The Moving Story Of An African Language On The Brink Of Extinction
A new documentary takes viewers on a spiritual journey to save an indigenous South African language spoken only by three people.
“It’s unthinkable that this language is about to die. Something has to be done,” Helena Steenkamp, a young San woman and the central character of the documentary film, Lost Tongue, says.
Set to premier at New York’s Socially Relevant Film Festival on March 17, Lost Tongue is a cultural and spiritual journey to raise consciousness about a language on the verge of extinction. In April, the film will open in about 100 cinemas across the U.S.
Directed by young filmmaker Davison Mudzingwa, and presented by South African-based Mvura Ya Afrika (MYA) Productions, the film is a call to save indigenous languages.
“This is a story of hope and revival of the ancient and endangered N!uu language of a marginalized indigenous #Khomani San people in the Kalahari,” Mudzingwa tells Okayafrica.
The San are the historic peoples of Southern Africa. Today most live in South Africa and neighbouring Botswana and Namibia. In modern South Africa, the San have largely been absorbed into the so-called “Coloured,” mixed-race or Griqua population. This absorption has led to a loss of culture and language, says Mudzingwa.
The Atlas of the World’s Languages in Danger, published by the United Nations Educational, Scientific and Cultural Organization (UNESCO), says languages are vehicles of cultures, collective memory and values: “They are an essential component of our identities, and a building block of our diversity and living heritage. Yet, about half of some 6,000 languages spoken today are in danger of disappearing.”
This is the quandary N!uu finds itself in.Lost Tongue is the collaborative vision of Mudzingwa and three friends. Themba Vilakazi, one of South Africa’s foremost cinematographic talents, shot the film. It was funded by MYA Productions and non-profit outfit Entrepreneurship Africa. Francis Yannicq Hweshe of South Africa and U.S.-based MeSun Barnett are producers working to bring the picture to the world’s screen.
In the film, a young San lady, Helena Steenkamp, frantically tries to save her ancient language N!uu from extinction.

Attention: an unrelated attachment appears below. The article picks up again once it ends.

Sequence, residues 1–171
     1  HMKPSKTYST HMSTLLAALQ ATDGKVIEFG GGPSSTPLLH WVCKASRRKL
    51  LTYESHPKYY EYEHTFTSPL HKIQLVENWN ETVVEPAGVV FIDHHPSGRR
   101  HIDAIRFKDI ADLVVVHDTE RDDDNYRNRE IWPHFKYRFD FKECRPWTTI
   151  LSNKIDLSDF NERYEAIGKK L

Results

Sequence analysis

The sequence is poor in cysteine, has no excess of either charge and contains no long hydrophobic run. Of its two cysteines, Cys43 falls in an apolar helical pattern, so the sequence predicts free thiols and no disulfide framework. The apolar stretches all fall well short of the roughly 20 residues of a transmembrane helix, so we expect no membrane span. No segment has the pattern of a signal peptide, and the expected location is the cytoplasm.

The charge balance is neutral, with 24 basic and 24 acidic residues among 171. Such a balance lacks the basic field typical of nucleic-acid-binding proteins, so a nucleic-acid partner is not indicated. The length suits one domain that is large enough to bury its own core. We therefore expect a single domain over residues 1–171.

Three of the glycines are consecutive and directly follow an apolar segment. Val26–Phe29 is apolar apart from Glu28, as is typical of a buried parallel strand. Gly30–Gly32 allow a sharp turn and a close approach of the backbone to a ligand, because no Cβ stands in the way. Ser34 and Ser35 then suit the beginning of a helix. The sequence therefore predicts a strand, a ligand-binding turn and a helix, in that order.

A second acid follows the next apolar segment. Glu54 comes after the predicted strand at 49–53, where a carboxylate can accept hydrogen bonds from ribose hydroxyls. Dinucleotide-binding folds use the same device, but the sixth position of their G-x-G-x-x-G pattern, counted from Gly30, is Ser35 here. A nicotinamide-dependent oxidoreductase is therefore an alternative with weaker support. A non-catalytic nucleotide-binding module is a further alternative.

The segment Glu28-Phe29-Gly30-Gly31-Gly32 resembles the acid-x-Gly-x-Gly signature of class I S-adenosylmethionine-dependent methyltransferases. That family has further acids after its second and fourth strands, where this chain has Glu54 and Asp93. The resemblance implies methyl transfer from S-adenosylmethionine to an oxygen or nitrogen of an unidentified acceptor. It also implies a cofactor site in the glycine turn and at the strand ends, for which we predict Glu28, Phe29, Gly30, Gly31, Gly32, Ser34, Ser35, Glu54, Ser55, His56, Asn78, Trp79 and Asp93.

She teams up with one of three remaining speakers to learn the language and culture. Through this journey, the film explores the marginalisation of the San people and cultural genocide they have gone through.
“Born into a world that does not reflect who they are, their names betray their identity,” Mudzingwa says.
“It’s a sad state of affairs,” he adds. “They are socialised into a lifestyle that is not theirs, they speak Afrikaans, a language that was forced on them, and when they die, they are buried in a manner that is foreign to them.”
Mudzingwa says he was inspired to make Lost Tongue after directing the 2012 short film, Bush Trail, which premiered at the Tri-continental International Film Festival in Johannesburg.
“When we filmed Bush Trail in Kalahari in the #Khomani San community, it was funny yet sad, local people did not speak their language or follow their traditional culture,” Mudzingwa says.
"From this observation, another storyline was born, we began to investigate and a new, exciting and surprising journey for Lost Tongue."
“Language is an important human rights issue,” Barnett says. “We hope through this cultural project the global audiences will get to see the remnants of a discriminatory history still alive today.”
He tell us that it’s a tall order, but that is what drives them to share this authentic story to both uninitiated, and a more knowledgeable audience public.
Courtesy of Lost Tongue.
The film has made the producers realize that they can do something in the #Khomani San community, where about 1,000 people reside and an unknown number of their tribe scattered to reside elsewhere around the Kalahari.
Hweshe says there are plans to start the Lost Tongue Legacy Project in 2017, a social impact program where they aim to form partners for the construction of a multimedia center at the heart of the #Khomani San community.
“The centre will become a symbol of hope for the hopeless youth,” Hweshe tells Okayafrica. "The youth will tell their own unique stories as professionals through film and photography."
Hweshe says multimedia classes will be held with assistance of professionals who will come together from all over the world to work with local staff to teach students the skills to succeed and provide the proper support needed.
“In addition to other facilities, we would want the centre to have a facility for the recording of the language as well as a library and recreational sports,” he says.
Munyaradzi Makoni is a freelance journalist based in Cape Town, but for him, anywhere in Africa is home. He writes about education, science, the environment, health, agriculture and social life.